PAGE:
You’ve heard over and over again that “food is fuel.” You’ve also heard (too many times, perhaps!) that the kind of food you fuel with makes a huge difference. And common sense tells you that cotton candy and snow cones make pretty horrible pre-workout foods. However, there might be some things that surprise you about the dos and don’ts regarding pre- and post-workout nutrition. And especially since the high-intensity interval training workouts you do at FIT36 are so challenging, your nutrition requirements before and after are a little different than with standard exercise. Read on for what you need to know, and what you need to eat.
- EAT for Pete’s sake. It can be tempting to skip the pre-workout snack or meal for the sake of calorie-burning, but it’s not smart. Going into a workout on an empty stomach can lead to diminished energy during the workout, causing you to perform at sub-par levels. Plus, we generally try to avoid having members woozily pass out on the studio floor from low blood sugar because he or she didn’t eat beforehand.
- Grab a nanner. What’s not to love about bananas? They’re cheap, portable, sweet, and offer the all-important workout mineral potassium which maintains muscle and nerve function. Bananas offer valuable carbohydrates which will help keep your energy level up during your workout, too.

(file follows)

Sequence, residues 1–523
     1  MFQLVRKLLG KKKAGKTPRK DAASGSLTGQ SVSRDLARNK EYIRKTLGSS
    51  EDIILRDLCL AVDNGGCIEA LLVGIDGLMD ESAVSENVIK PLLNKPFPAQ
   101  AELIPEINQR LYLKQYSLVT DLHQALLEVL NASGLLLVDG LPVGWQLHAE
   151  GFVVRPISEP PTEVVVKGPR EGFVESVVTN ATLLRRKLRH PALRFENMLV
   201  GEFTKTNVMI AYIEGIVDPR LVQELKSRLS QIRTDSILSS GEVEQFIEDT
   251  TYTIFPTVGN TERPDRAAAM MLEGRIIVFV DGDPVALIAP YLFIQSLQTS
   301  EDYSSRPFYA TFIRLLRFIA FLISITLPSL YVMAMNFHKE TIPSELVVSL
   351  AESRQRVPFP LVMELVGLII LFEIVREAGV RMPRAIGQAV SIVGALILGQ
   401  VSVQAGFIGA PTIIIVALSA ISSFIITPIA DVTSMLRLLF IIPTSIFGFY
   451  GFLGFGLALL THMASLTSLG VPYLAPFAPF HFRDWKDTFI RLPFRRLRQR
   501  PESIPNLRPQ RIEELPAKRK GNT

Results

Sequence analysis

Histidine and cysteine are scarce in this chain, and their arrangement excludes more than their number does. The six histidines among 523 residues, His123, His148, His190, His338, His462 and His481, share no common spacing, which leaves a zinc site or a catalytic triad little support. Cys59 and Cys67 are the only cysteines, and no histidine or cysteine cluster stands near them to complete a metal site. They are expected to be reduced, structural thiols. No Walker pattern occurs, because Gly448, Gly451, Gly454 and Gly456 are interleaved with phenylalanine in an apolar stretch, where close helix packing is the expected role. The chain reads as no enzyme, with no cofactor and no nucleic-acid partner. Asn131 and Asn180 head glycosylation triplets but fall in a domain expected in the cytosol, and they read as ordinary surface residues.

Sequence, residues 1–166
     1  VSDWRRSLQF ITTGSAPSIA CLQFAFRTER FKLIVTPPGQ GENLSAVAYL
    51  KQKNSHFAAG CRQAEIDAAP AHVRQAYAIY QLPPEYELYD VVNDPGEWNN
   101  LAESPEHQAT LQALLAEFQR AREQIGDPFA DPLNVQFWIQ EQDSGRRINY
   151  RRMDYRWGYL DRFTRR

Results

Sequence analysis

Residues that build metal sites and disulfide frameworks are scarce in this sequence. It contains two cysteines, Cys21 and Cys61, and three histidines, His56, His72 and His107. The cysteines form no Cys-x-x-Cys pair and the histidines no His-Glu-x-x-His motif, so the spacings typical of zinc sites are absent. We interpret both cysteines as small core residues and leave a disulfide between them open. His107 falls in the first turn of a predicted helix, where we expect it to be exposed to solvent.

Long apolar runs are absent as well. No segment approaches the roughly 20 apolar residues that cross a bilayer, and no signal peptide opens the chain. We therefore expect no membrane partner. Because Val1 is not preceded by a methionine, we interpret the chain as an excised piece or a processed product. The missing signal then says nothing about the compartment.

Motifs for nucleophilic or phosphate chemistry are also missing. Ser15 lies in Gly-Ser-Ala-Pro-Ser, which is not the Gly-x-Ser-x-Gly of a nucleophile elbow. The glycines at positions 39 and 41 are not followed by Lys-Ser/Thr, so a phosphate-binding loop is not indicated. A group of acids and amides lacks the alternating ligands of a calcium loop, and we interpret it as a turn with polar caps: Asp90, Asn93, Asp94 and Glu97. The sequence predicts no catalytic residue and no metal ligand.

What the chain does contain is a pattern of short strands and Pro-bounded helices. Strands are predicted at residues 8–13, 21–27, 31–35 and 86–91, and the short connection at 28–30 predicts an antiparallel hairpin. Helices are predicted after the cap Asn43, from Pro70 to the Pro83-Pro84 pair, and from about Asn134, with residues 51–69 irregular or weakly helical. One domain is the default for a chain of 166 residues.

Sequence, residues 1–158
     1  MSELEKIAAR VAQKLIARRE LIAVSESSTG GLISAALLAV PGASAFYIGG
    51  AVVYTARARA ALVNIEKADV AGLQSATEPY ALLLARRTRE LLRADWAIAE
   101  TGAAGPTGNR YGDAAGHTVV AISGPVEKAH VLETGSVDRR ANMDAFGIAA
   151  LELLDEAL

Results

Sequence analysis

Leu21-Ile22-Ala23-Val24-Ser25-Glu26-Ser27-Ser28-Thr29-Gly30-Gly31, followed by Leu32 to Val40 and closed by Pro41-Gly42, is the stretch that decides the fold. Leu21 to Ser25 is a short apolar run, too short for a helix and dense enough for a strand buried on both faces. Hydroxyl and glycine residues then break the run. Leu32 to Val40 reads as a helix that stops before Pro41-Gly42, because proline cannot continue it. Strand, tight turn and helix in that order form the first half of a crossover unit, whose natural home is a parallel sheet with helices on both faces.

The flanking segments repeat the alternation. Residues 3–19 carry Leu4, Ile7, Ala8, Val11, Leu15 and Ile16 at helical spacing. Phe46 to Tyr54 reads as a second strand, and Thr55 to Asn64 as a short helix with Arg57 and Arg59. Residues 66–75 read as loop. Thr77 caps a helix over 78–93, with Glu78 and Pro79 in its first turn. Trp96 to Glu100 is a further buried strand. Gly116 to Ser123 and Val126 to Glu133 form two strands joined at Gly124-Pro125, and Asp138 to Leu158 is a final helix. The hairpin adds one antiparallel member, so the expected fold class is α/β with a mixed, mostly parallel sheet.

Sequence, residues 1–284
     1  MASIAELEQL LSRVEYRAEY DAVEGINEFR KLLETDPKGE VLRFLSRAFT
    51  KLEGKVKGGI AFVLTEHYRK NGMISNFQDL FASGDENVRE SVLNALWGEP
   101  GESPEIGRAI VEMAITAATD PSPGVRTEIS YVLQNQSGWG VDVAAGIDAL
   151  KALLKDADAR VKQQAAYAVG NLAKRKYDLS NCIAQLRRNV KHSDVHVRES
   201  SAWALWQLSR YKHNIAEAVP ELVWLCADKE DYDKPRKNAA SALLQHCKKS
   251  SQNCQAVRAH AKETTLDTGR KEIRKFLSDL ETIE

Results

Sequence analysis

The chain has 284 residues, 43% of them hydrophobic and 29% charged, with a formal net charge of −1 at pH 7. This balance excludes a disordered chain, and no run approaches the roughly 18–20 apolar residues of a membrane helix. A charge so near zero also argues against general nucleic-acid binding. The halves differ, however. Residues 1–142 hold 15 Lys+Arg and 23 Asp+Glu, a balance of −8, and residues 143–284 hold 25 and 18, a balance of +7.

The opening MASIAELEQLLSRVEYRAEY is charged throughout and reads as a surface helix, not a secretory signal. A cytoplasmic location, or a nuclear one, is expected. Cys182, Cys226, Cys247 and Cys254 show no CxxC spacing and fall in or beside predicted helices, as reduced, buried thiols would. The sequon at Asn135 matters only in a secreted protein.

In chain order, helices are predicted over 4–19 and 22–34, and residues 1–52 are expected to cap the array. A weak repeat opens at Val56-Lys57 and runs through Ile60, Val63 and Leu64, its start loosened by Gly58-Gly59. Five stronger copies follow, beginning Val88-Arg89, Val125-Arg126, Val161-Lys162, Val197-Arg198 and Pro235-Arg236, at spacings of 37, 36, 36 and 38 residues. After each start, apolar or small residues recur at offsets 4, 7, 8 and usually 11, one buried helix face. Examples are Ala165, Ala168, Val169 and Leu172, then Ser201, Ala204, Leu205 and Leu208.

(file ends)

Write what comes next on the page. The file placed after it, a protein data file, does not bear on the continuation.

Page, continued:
- Get complex. Pair that banana with some oatmeal or whole-grain toast. It’s ideal to get a nice mix of simple and complex carbohydrates. They burn at different rates, and this way you’ll have fuel from beginning to end.
- Get revved. A little caffeine may give you the extra push you need to power through the full 36 minutes with your best effort. If coffee gives you an upset stomach, try some green tea. Caffeine takes about 45 minutes to be absorbed into your bloodstream, so time your intake accordingly.
- Yes, there’s a nice after-burn effect after HIIT where your metabolism is raised. And yes, you just blazed through a ton of calories during your workout. However, this doesn’t give you a junk food hall pass. You’ve still gotta be smart about your food intake to help your body repair and rebuild your muscles.
- We’re pro protein. While a huge steak can be hard for a depleted body to digest, some low-fat protein like chicken, fish, cottage cheese, or Greek yogurt are great choices for helping your muscles to repair and grow. We recommend 20-40 grams, or 0.14-0.23 grams per pound of body weight, within about 30 minutes after you exercise.
- Again with the carbs. Carbohydrates help your muscles to replenish the glycogen they spent during your exercise. Aim for 0.5-0.7 grams of carbohydrates per pound of body weight. Or, simply try for a 3:1 ratio of carbs to protein.
- After working out is not the time to practice self-control with a virtuous snack of raw veggies. Your body is begging for the proper nutrients so that it can begin to repair and grow and heal, and get you back to exercising again in no time. If you must chomp down on some veggies, be sure to dip them in plenty of cottage cheese, a Greek yogurt concoction, or even some pureed canned beans.